|College Board Taps Two Science Profs to Help Redesign AP Courses
June 08, 2007
by Adam Martin '06
While scientific facts, such as the names of solar systems and genus-species, are eminently at students’ “Googletips,” Americans are slipping behind other nations in their ability to apply those scientific facts and skills in research and problem-solving activities, according to the College Board.
|(l-r) Campbell and Cain are helping redesign Advance Placement courses to be more relevant for today's high school students. |
This is one of the reasons why this not-for-profit agency, which administers Advanced Placement (AP) course testing and SAT testing for more than 23,000 high schools, is in the process of redesigning its AP curricula in the sciences.
As part of the broadly supported plan to improve science education in American high schools and universities, two Davidson professors are helping lead efforts to revamp the AP curriculum in their fields of physics and biology.
Larry Cain, professor and chair of the Physics Department, is co-chair of the AP Physics redesign committee. Composed of five high school teachers and seven college professors from across the country, Cain’s committee has proposed to split up the material currently covered in AP Physics B into two AP Physics courses, among other suggested changes.
Malcolm Campbell, professor of biology and James G. Martin Program Director of Genomics, is one of just six national college faculty members appointed to the committee for AP Biology. That group has trimmed the course material covered, and chosen new topics in biology, like genomics, to include in the course. Campbell, who wrote the first college textbook for genomics, hopes the updated curriculum will keep students excited about science.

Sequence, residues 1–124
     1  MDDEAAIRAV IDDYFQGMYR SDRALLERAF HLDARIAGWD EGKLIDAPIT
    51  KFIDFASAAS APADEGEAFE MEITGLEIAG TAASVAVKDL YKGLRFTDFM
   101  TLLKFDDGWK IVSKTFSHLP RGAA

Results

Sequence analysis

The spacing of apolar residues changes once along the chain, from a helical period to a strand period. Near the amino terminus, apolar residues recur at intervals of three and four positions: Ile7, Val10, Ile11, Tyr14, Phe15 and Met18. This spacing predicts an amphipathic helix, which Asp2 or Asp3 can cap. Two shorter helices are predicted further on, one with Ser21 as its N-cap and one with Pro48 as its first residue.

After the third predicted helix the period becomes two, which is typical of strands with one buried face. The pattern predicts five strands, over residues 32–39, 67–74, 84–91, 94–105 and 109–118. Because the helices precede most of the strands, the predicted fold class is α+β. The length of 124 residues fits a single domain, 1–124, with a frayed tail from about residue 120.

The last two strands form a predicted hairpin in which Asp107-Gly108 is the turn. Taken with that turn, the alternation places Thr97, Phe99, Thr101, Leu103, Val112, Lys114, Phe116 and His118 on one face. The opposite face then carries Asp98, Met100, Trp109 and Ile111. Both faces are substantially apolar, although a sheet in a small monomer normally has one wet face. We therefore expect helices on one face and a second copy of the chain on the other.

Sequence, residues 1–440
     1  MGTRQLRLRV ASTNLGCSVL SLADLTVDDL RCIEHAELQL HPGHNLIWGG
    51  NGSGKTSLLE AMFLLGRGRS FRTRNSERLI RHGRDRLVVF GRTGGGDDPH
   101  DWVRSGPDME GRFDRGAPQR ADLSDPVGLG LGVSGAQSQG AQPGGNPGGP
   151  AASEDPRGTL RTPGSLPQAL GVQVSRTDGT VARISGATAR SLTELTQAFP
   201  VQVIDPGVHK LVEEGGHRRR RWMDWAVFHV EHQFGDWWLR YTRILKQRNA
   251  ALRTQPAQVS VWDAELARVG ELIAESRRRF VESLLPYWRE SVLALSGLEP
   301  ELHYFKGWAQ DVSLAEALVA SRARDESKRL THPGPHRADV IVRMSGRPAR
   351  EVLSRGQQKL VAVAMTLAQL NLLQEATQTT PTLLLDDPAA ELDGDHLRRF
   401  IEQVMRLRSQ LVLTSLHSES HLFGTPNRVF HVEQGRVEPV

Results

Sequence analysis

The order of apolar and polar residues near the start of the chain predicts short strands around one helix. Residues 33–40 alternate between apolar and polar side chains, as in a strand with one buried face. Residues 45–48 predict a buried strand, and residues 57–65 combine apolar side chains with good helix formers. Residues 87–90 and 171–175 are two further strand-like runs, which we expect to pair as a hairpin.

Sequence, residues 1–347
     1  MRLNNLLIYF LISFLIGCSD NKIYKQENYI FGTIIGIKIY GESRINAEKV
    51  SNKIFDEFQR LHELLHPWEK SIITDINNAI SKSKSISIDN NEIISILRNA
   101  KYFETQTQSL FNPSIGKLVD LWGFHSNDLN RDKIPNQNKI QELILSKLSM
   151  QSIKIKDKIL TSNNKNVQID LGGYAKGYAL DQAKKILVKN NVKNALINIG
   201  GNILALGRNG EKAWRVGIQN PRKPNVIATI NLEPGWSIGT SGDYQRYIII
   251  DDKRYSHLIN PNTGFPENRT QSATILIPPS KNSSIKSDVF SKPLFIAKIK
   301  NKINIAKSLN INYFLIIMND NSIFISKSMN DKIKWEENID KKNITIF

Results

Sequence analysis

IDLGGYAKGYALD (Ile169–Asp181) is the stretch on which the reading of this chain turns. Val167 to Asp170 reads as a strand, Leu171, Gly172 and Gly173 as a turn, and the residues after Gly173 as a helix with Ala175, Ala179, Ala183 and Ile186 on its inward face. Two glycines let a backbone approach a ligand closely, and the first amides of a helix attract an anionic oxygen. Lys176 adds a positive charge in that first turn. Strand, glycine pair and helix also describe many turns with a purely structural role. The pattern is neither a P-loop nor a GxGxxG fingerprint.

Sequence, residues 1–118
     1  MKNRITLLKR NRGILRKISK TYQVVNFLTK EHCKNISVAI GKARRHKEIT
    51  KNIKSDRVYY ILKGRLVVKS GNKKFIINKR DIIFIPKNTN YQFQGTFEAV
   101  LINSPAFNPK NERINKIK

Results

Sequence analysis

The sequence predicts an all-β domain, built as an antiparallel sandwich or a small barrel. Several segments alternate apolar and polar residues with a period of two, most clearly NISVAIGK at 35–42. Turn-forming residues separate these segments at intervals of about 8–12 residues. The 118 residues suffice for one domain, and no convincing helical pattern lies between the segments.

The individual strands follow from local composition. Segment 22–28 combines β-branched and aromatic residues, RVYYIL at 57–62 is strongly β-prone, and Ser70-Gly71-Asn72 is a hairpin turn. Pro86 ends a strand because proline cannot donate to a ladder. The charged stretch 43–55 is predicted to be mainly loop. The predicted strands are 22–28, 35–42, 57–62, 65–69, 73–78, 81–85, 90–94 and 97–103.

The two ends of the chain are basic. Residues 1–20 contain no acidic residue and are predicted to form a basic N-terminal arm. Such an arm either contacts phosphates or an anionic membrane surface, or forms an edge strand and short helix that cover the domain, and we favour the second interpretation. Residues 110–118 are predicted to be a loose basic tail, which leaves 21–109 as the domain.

The College Board, which is also redesigning three AP history courses, charged each redesign group to help AP classes give students a “deep conceptual understanding” of their subjects at the introductory college level and make the curriculum more relevant in their ever-evolving fields.
“The science classes are a mile wide and an inch deep,” said Campbell, referring to the amount of information currently covered. “Students are being forced to memorize and regurgitate organ systems and organelles, and are not focused on learning how to do science.” The College Board plans to implement newly designed science classes by fall 2009.
Davidson is a highly selective independent liberal arts college for 1,700 students. Since its establishment in 1837 by Presbyterians, the college has graduated 23 Rhodes Scholars and is consistently ranked in the top ten libral arts college in the country by U.S. News and World Report magazine.
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